We had heard that Italian culture gets more intense as you go further South. Coming through Naples on Friday, we had planned to wear our money belt, walk the crowded streets of Italy’s densest city, and eat a slice of pizza in its birthplace. Instead, we huddled in the train station while Joe figured out how to get to the port. A very friendly police officer named Genarro took a liking to our kids, asking them their names and patting their heads in the Italian way. He seemed to follow us wherever we went. He showed us pictures of his kids and wished us a pleasant journey. I think he was just keeping an eye on us, which I really appreciated.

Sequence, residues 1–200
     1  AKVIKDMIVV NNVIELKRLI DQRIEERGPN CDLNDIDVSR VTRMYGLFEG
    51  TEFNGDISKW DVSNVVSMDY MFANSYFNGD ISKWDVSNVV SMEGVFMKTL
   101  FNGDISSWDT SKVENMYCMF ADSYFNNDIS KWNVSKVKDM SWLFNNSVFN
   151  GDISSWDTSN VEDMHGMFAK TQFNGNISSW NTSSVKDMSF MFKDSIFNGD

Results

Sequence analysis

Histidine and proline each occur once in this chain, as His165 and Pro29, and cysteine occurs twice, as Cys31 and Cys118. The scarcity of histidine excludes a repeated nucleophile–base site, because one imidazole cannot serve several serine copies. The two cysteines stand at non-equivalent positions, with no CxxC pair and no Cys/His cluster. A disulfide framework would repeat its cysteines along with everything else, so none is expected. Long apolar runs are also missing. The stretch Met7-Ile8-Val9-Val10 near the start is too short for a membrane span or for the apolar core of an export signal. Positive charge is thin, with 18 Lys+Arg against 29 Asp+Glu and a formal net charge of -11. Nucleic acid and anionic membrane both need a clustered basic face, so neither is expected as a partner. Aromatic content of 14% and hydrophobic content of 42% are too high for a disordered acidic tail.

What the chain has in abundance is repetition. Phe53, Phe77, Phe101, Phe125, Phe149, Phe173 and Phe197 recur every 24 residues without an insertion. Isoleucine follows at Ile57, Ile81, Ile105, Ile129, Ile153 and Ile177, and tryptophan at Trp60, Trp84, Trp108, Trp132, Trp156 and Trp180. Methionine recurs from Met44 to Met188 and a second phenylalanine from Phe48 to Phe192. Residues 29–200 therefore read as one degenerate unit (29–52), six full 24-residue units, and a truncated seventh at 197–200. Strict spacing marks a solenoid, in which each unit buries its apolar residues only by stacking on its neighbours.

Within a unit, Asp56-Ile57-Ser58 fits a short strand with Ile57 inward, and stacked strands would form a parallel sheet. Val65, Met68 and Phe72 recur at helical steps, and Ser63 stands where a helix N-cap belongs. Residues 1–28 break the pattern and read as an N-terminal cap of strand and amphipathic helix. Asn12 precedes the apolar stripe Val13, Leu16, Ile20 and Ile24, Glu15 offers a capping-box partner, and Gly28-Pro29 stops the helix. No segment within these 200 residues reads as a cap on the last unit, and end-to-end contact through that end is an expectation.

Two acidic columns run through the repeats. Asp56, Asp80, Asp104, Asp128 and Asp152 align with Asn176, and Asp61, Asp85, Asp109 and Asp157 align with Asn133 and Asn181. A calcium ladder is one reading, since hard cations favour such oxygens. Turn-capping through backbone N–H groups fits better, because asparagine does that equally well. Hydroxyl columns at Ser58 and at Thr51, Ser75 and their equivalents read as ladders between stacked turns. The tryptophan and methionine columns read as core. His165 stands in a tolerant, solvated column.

We dashed through the rain and the sidewalk vendors to a city bus headed to the port. We saw a little bit of the city through the graffiti-covered bus windows, and some more friendly people made sure we knew where to go. We got onto a large, mostly empty boat headed to Sorrento and rode into the rainy, wavy Mediterranean. It was one of the longest 45 minutes of my life. I put my head down and prayed as we crashed through the waves. Some people are made to be out at sea… I am not one of those people.

We made it safely to Sorrento and found our apartment. That night, still optimistic and mostly dry, we went out to dinner at a local pizza place where the kids got to watch the chef toss the dough. His plump mother (or wife? — we’re not really sure which) pinched Henry’s cheeks and literally spooned pasta into his mouth, continuously waving her hands in the air and saying how cute he was — “Bellissimo!” The pizza was cheap but delicious, and the experience was priceless.